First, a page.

The Daily Tar Heel

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Wednesday February 1st

Partially blind artist displays artwork of flowers

Maggie Love, 88, paints "happy paintings" that are now on display at University Mall. She has macular degeneration and is starting to lose her eyesight, which makes painting more difficult. She continues to paint and now does more abstract work. Love poses with her artwork in her home at Galloway Ridge retirement community at Fearrington.
Buy Photos Maggie Love, 88, paints "happy paintings" that are now on display at University Mall. She has macular degeneration and is starting to lose her eyesight, which makes painting more difficult. She continues to paint and now does more abstract work. Love poses with her artwork in her home at Galloway Ridge retirement community at Fearrington.

Maggie Love is living proof that age is but a number.

Love, who suffers from partial blindness as a result of macular degeneration, will display 15 paintings at University Mall as part of its Artist of the Month program.

see the exhibit

Time: Now through Jan. 15
Location: University Mall, near Peacock Alley
Info: www.universitymallnc.com

“She’s 88 years young,” said Pat Richardson, director of community relations at Galloway Ridge Retirement Community, where Love resides.

“She’s the person in the crowded room where if someone isn’t being treated fairly or taken advantage of, she speaks up for them. She’s an angel.”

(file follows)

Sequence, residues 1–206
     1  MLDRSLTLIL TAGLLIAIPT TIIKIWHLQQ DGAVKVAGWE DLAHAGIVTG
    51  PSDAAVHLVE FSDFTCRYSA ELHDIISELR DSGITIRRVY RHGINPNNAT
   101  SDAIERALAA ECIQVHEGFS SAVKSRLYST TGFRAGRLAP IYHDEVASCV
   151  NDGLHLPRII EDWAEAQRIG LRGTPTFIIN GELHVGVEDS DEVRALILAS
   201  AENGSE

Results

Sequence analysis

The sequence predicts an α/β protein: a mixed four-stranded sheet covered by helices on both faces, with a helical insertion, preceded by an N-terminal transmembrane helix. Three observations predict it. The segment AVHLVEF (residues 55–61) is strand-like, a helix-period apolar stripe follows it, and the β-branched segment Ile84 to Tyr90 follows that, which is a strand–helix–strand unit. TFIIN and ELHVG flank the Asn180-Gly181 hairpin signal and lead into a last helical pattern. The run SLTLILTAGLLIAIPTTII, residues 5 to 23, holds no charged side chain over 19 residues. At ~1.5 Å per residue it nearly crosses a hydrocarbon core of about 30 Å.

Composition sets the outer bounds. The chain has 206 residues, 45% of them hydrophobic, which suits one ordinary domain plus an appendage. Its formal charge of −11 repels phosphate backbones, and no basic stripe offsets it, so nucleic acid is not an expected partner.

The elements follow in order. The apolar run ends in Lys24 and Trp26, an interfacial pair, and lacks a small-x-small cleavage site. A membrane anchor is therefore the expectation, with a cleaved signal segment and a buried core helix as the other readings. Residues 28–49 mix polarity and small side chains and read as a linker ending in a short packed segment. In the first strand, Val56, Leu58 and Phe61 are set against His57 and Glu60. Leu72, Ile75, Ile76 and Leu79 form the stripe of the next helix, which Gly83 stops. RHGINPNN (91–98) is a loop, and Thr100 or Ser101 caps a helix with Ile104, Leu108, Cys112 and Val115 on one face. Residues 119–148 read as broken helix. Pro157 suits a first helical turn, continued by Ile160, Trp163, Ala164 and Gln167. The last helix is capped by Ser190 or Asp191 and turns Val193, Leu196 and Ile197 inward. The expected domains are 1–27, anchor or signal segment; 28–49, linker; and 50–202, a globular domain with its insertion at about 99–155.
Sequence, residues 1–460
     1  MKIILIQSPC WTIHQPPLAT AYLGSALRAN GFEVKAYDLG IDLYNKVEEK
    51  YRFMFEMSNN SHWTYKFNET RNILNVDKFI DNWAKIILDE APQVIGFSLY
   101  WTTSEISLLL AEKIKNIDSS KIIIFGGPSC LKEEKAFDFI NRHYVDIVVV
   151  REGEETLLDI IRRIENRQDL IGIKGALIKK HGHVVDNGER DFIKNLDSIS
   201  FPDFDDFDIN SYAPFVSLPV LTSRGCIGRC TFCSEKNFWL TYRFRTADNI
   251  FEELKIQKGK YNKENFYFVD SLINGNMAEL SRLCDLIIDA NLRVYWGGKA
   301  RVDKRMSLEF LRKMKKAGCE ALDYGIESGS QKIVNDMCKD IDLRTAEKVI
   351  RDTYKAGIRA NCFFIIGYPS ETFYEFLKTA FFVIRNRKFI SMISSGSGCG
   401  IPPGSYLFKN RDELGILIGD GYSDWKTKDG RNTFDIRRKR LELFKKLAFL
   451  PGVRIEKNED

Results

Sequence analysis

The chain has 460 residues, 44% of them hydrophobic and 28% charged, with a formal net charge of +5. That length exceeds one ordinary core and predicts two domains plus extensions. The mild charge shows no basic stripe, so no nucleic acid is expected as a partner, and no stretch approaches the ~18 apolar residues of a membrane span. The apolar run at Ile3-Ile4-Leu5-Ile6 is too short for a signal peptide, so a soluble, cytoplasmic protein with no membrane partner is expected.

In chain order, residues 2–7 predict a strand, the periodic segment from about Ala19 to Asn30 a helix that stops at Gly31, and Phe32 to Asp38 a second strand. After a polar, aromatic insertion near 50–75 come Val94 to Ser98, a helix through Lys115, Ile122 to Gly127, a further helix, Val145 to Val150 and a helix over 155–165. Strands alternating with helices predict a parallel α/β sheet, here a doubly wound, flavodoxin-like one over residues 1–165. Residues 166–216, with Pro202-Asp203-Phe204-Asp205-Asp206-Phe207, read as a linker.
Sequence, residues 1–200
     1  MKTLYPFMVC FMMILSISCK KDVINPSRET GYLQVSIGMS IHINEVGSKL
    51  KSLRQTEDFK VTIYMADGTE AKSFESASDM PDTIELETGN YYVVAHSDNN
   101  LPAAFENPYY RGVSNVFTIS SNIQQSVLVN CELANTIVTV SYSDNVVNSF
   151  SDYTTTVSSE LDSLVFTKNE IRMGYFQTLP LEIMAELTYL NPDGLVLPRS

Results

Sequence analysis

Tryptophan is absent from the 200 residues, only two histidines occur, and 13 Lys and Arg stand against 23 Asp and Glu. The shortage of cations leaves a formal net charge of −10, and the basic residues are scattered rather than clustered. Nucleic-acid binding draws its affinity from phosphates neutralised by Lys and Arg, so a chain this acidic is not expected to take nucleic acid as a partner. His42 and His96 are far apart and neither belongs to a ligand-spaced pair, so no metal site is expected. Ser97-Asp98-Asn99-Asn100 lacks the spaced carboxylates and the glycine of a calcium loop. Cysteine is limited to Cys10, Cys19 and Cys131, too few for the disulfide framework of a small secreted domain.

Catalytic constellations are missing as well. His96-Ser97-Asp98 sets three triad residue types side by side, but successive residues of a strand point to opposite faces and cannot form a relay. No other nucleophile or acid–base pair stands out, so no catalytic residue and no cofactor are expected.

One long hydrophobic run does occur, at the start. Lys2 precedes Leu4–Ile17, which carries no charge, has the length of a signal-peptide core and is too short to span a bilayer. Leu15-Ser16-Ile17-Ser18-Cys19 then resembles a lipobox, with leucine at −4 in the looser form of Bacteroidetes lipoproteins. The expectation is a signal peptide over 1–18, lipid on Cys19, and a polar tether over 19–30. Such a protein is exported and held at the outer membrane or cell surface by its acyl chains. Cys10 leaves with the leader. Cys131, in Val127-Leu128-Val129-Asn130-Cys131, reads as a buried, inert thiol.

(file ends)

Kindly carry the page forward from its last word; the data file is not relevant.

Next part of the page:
Love, who is from Kenbridge, Va., has been termed a colorist by her peers for her paintings’ vivid colors.

Love said she paints mostly flowers because she loves them so much.

“I don’t grow ’em and I don’t wanna fool with ’em, but I love to paint ’em,” she said. “I love barns and fences and the country and country roads.”

Love has also saved up reference material from magazines over the last 40 years.

“Sometimes, like the last two I’ve done, have just been out of my head. These florals I do, they just come to me,” she said.

Love said that her condition is worsening and she can no longer see faces, only forms. But she doesn’t think this makes her special — especially since her inspiration, Claude Monet, also suffered from poor eyesight in later years.

“There have been other people that’ve done it,” she said. “Some of (Monet’s) paintings, you can see that they’re not like his earlier paintings. But Monet is my inspiration. I love his work, and I love his colors.”

Love said she started painting in her 40s after deciding she’d already done all she could do. After raising two boys, she enrolled in oil portrait classes, which led to acrylics.

“You’re just in a complete other world. You don’t hear the phone ring. You don’t care if you’re eating. That’s part of it,” she said. “You sort of lose yourself from your everyday problems and you can rejuvenate your life.”

Jeanette Gulledge, marketing director of University Mall, saw Love’s artwork when she was touring Galloway Ridge.

“Ms. Love’s work exudes her relentless perseverance to continue to paint even in light of a degenerative eye condition,” she said. “The bright colors capture her great attitude and uplifting spirit.”

Both Love and her husband, Clarence, live in the same building at the retirement community. She checks on him daily.

“He’s always encouraged me and was very understanding when I didn’t have supper ready in time because I was painting,” she said.

Love said her paintings are her children, but it’s a thrill to sell them.

“I hope they fall in love with them and buy every one of them. I’ll let every one of them go. I’ll share,” she said.

Love is the first resident of Galloway Ridge to have her own art exhibit. She has won several awards in Florida, and her artwork has been featured in Richmond, Va.

“Don’t give up on it,” Love said about painting. “Later in life, it’ll give you the most joy. Don’t give up.”

arts@dailytarheel.com

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